Lions on the Lam
By Wayne Derrick
This article published in Trapper’s World magazine, September, 2000.
I started work in 1984 for the government, as a trapper. Not long after, I started helping another trapper, Bill Fletcher, on lions. I was no lion trapper, but I could carry two 41/2 traps on 12 to 14 ft. of chain and Bill could carry two of the same. Bill would then get his lion traps out faster with fewer trips back up the rim. I watched Bill put in a lot of lion traps and I put in some myself when I would go help Bill. Then I would go back to my own assignment and work on coyotes and bobcats. Bill would call me when he caught a lion.
That first year I worked on 2 different lions on my assignment. I would look for sign for several days, take a horse and pack traps in and make sets, then check the traps for days and weeks and catch no lions. Then the permit would run out. Then it was go pack them out and wait for them to come back and kill again.
In New Mexico, the Game Dept. will issue a permit after a lion kills livestock, and if you find more kills they will extend the permit for 15 days more. If there were no more kills I had to pull my equipment. Usually when I get the equipment in place, the lion is gone making a big, big, circle. When I get all the equipment pulled and back home, well then he, she, or they are back and here we go again. When I was a little boy, I didn’t like playing ring-around-the-roses and this just seems like the grown up version of the same game. Work hard for weeks, just to pull all the traps and go put them back out after the next kill. Boy, did I hate to work on lions.
I moved to a new assignment. No lions, just coyotes and red fox. Lots! Lots of coyotes always in the sheep killing business, keeping me very busy.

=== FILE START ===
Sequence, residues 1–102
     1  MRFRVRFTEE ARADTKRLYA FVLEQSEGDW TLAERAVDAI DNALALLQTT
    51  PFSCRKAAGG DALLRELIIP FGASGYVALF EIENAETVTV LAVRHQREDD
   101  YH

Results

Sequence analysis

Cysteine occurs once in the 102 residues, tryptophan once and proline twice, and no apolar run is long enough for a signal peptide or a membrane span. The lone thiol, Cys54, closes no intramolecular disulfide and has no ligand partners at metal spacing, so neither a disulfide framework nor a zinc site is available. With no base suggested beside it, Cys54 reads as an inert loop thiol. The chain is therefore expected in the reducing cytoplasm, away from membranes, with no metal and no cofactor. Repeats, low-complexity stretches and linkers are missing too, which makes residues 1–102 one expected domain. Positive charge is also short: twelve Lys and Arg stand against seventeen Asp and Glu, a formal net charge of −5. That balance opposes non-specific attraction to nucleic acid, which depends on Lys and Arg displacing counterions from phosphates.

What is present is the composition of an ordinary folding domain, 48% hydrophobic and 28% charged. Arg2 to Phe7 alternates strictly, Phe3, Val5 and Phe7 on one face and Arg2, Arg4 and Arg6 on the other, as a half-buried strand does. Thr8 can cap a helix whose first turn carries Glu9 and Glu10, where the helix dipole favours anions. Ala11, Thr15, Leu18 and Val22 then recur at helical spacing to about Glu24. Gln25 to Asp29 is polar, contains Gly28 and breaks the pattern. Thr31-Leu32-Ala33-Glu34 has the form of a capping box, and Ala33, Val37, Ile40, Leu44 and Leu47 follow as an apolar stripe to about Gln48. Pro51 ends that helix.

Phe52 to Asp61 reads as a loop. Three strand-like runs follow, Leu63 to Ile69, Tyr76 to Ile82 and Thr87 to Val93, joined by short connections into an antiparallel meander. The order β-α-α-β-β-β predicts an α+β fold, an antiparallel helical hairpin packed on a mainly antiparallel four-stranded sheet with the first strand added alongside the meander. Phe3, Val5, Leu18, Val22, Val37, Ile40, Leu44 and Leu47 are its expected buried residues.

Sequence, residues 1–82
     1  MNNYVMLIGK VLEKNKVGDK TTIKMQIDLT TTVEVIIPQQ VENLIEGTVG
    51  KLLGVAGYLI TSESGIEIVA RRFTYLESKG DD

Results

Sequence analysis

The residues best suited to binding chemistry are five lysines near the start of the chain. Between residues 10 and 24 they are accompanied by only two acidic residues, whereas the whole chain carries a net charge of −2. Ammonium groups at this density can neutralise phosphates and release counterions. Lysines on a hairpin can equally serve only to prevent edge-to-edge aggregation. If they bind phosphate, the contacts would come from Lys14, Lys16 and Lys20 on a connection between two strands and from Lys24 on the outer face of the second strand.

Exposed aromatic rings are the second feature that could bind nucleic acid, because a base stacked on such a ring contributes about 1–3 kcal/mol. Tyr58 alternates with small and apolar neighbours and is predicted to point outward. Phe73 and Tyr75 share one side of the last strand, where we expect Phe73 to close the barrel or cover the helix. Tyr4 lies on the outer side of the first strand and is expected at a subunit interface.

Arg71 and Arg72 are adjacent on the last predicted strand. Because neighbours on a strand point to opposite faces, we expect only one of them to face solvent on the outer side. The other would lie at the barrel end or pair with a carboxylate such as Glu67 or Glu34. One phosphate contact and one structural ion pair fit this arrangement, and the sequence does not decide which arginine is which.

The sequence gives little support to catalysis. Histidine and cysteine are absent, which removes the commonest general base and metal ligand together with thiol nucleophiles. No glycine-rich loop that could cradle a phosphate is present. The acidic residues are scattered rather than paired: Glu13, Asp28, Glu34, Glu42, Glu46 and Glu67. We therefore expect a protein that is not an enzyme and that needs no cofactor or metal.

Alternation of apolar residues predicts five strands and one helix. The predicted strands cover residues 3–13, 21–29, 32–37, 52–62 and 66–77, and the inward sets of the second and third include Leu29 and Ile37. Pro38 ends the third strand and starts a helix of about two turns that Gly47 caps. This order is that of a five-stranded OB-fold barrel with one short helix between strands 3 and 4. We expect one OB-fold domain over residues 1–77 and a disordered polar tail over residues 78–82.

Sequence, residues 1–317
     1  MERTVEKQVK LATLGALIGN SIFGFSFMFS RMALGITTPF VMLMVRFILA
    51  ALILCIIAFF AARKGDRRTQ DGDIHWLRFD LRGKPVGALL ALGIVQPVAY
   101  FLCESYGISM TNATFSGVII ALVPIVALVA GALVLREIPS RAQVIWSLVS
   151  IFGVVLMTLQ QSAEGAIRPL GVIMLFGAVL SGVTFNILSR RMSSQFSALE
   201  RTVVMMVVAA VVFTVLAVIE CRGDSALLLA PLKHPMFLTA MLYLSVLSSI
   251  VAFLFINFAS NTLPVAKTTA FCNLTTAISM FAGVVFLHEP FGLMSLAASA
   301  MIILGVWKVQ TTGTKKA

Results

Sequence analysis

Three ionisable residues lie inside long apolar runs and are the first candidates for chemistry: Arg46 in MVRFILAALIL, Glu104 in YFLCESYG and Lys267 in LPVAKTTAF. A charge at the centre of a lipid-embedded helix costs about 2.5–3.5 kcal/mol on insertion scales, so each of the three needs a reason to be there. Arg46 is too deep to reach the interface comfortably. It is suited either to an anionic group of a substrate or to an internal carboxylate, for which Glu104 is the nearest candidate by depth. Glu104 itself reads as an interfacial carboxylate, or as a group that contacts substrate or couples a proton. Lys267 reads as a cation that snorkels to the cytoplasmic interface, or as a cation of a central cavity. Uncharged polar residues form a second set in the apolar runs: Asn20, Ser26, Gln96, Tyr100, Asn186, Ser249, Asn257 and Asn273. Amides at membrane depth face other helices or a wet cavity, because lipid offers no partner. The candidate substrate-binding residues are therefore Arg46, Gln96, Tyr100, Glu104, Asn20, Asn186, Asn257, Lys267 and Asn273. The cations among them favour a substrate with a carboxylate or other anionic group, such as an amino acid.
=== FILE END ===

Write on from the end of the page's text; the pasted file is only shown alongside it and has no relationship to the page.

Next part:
Four years ago I went back to the mountains, back to the lions. Same game, same winner. I had helped catch lions, worked hard to catch them on my trapline. They just wouldn’t stay.
The winter of 1999-2000 I started seeing tracks of lions every few days to a few weeks. I saw lion tracks but no kills, so all I could do was watch and wait. Spring came and still no kills, but lots of sign.
On May the 8th, I came out of one ranch onto the Hondo Ranch, there were buzzard and crows everywhere, 30 to 40 of each. I thought, “Well, here we go!” I walked to the first lamb. I found he was eaten on like a bobcat eats on one. Then I skinned his neck and there was no doubt, cat teeth punctures, Big Cat. The next lamb had his skull crushed, the next 4 were like the first one.
My son Ronny, worked for the Hondo Ranch as a private control trapper, so I went and got him and called the Game Warden. He came and confirmed the kills and issued a permit. Away we went, looking for sign to set on. That afternoon we set two 41/2 Newhouse traps and 5 trail snares. The next day we had an airplane hunt for a coyote that was killing so we got a late start on the lion work. We found 3 more dead lambs. The wind was blowing over 50 mph, so we were glad to get in a canyon. The next day, it was 7 hours horseback, it was close to 100 degrees, and wind was over 50 again, but we did get 10 more good snares in.
As I rode, I thought of the lessons I had learned from Bill. I owe Bill for the knowledge. I thought of the time I ran Bill’s lion traps while he went home for Christmas. My sons, Bo and Ronny (my two oldest, then 10 and 9) and myself had caught a lion and that was our first live lion in a trap. Then I thought of Bill saying that you have to do the leg work to catch a lion. Well, we rode horseback in the rough country. Then we walked and walked some more. I like to ride and walking isn’t bad as long as it isn’t very far from the truck to the horse trailer, but any further is not my thing. It was down in the canyon on foot and walk and look for sign. We would take our ax and snares and when we found some sign, we would cut a log drag to tie to. Bill once had a big lion tear a lock out on a snare, so we tied to a drag.